How the morphology of the NE affects the accuracy of chromosome segregation was discussed by Martin Hetzer (Salk Institute for Biological Sciences, San Diego, CA). He presented recent evidence implicating micronuclei in the generation of genome instability (Hatch et al., 2013). Micronuclei underlie a major genome instability phenomenon, termed chimotrypsis, in cancer cells (Crasta et al., 2012). Micronuclei also have defective nuclear membranes and defects in both DNA damage repair and replication. The advance provided by Martin Hetzer's group is to clearly show that the abnormal nuclear structure present in the micronuclei is the main reason for this instability. During interphase, micronuclei experience sudden NE rupture, which (unlike the main nucleus) is not repaired, probably due to a micronucleus-specific defect in laminB1. LaminB2 restores normal function and reverts epigenetic changes associated with this abnormal behavior. It will be exciting in the future to understand how this NE defect in the micronuclei originates. This new direction already represents a very important finding because disrupted micronuclei could provide a new biomarker for the genome instability associated with cancer progression.
The diverse functions of ‘mitotic’ proteins (and chromosomes)
Thus far, this report has focused on nuclear proteins moonlighting as surprising effectors of seemingly unrelated, non-nuclear pathways. However, this workshop had another theme: the idea that proteins and cellular structures long considered mitotic can have other unexpected roles. Tim Mitchison (Harvard University, Cambridge, MA) described a refinement of the Xenopus egg extract system that combines these extracts with quantitative mass spectroscopy to characterize selected groups of mitotic proteins. This new approach allowed them to analyze perturbation-dependent changes in the protein composition of large microtubule structures – called ‘pineapples’ because of their shape (Mitchison et al., 2013) – that share many characteristics of mitotic spindles. By comparing the proteomes of pineapples assembled under different conditions, this approach can be used to classify proteins with both mitotic and nuclear functions that would not be readily found by classical genetic approaches.
Rebecca Heald (University of California, Berkeley, CA) spoke about cell-cycle-dependent changes in endoplasmic reticulum (ER) and chromosome interactions. In addition to its role in segregating chromosomes, she hypothesized that the mitotic spindle has a mechanism that ensures organelles are not trapped inside the re-forming nucleus. Using a biochemical screen, she identified receptor expression-enhancing protein 4 (REEP4), which associates with both membranes and microtubules (Schlaitz et al., 2013). RNAi-mediated knockdown of REEP4 and the closely related protein REEP3 caused the premature localization of ER on mitotic chromosomes at metaphase, resulting in daughter cells that contain intranuclear membrane structures. These results suggest REEP3/4 proteins are required to clear ER away from metaphase chromosomes during mitosis.
Mary Dasso (NIH, NICHD, Bethesda, MD, USA) discussed the regulation of Ran during mitosis. Ran is a small GTPase that controls the directionality of interphase nucleocytoplasmic transport, as well as mitotic spindle assembly. RCC1, the guanine nucleotide exchange factor for Ran (‘recharges’ Ran to the GTP-bound state), binds chromatin but also localizes at centromeres. She showed a ‘wave’ of RCC1 associating with chromatin at the metaphase to anaphase transition and demonstrated that the association of RCC1 with chromatin is modulated through the formation of a heterotrimeric complex between RCC1, Ran-GTP and a Ran-GTP binding protein, RanBP1. She also discussed results indicating that the phosphorylation of RanBP1 drives changes in RCC1 dynamics during anaphase.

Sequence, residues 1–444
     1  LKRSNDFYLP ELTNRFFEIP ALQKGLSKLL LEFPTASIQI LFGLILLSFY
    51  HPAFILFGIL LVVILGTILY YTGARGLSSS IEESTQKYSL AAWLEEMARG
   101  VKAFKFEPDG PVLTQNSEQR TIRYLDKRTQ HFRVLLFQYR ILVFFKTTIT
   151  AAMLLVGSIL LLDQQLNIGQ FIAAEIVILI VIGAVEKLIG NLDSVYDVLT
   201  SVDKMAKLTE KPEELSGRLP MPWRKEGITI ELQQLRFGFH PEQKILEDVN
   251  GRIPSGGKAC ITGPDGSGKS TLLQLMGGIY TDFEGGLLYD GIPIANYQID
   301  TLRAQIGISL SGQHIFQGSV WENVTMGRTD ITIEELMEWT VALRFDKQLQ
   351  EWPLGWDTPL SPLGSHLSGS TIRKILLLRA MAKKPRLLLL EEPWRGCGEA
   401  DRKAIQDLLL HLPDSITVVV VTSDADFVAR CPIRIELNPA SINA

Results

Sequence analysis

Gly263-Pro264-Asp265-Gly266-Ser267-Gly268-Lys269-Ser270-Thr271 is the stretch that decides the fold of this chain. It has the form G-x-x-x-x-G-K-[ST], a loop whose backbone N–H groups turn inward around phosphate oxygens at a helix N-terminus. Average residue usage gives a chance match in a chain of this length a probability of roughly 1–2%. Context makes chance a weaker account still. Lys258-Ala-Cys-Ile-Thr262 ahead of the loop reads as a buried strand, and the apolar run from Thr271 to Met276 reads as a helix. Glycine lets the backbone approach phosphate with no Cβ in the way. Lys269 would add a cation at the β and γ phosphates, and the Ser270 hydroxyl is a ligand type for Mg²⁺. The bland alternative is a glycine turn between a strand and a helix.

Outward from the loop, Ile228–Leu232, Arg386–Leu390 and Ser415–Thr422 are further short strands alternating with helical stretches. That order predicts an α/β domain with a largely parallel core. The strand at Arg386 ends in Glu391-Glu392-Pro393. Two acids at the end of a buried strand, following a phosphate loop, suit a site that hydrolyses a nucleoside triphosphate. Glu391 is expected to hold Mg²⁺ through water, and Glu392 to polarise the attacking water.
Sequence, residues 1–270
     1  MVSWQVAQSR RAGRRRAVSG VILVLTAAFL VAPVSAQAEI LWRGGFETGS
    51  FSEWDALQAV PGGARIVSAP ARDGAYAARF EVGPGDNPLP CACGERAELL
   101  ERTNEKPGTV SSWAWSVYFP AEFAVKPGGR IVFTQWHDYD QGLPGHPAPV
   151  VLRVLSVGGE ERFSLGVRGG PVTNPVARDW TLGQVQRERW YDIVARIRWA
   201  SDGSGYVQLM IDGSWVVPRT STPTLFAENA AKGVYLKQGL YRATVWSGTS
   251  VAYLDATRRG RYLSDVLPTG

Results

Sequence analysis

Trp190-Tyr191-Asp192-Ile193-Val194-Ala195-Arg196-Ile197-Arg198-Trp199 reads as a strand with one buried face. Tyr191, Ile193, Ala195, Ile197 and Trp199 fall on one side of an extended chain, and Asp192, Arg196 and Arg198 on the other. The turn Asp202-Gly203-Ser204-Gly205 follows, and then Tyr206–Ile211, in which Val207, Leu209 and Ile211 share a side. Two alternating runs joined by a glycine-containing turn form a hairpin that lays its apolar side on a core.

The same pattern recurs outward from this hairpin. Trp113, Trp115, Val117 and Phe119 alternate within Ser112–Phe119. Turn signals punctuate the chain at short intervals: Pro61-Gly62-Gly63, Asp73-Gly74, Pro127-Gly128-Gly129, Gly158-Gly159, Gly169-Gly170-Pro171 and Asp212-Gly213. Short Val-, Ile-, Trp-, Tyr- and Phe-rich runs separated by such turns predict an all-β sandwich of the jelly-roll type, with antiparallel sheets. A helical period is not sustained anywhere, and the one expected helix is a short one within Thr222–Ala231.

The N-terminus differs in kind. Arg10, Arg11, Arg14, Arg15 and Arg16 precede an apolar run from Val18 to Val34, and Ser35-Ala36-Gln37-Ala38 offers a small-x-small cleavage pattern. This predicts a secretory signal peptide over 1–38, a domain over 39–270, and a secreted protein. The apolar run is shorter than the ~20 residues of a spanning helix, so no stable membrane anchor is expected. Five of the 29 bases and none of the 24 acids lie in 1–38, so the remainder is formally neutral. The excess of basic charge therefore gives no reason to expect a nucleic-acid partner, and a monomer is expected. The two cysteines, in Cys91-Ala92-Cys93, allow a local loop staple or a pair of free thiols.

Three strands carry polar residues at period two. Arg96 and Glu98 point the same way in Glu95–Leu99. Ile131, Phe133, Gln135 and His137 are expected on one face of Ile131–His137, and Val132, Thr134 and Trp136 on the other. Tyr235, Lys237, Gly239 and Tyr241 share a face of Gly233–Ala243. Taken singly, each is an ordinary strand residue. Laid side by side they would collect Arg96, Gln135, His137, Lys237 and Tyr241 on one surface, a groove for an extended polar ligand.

Keeping with the theme of non-canonical functions of chromosomes, Tom Misteli (NIH, NCI, Bethesda, MD) discussed the role of chromatin structure and DNA repair. He proposed a novel link between chromatin conformation and DNA repair signal transduction. The DNA damage response involves activation of the ataxia telangectasia-mutated (ATM) kinase and phosphorylation of several targets including the histone H2A variant γH2AX (Burma et al., 2001). Although chromatin compaction moderately affects access and repair of double-strand DNA breaks, it strongly stimulates the DNA break signaling (Murga et al., 2007). For example, mitotic cells treated with agents inducing double-strand DNA breaks activate a primary DNA damage response that comprises early signaling events, including activation of ATM and a second kinase DNA-PK, and histone H2AX phosphorylation but no detectable recruitment of the E3 ubiquitin ligases RNF8 and RNF168, or accumulation of 53BP1 and BRCA1, at double-strand DNA break sites (Giunta et al., 2010). His new hypothesis is that a specialized condensed chromatin conformation is sufficient to trigger early signaling of the repair machinery even in the absence of damage. This form of chromatin is sufficient to activate ATM but there is no recruitment of downstream factors.
The idea that evolution is resourceful and has repurposed cellular components to serve multiple functions is certainly not new; however, this workshop highlighted that historical classifications around mitosis and nuclear structure need to be reconsidered in light of this. Therefore, the challenge to both established and new investigators alike is to reassess their research with a broader perspective and a heightened awareness of potential links between traditionally segregated subject areas. The workshop also revealed that despite our current level of understanding, much remains unknown. For example, the structures of many nucleus-associated protein assemblies have been elucidated with impressive resolution; however, a large gap still remains in understanding the basis for their diverse functions. Furthermore, the mechanistic links between nuclear proteins and the plethora of conditions and diseases that result from their perturbation remains poorly understood. These gaps in our knowledge represent intriguing frontiers and it is particularly exciting to think about what will emerge from research at the confluence of seemingly disparate fields.
Attesting to the vision and hard work of the organizers, this workshop was universally applauded by participants. We specifically thank the co-organizers (Katherine Wilson, Timothy Mitchison and Michael Rout) and The Company of Biologists for planning and implementing this unique and stimulating workshop. We are sincerely grateful to Nicky Le Blond, Alexandra Birley and Jane Pennington, who ensured the smooth running of the meeting, and to the Wiston House staff for superb dining and wonderful accommodation.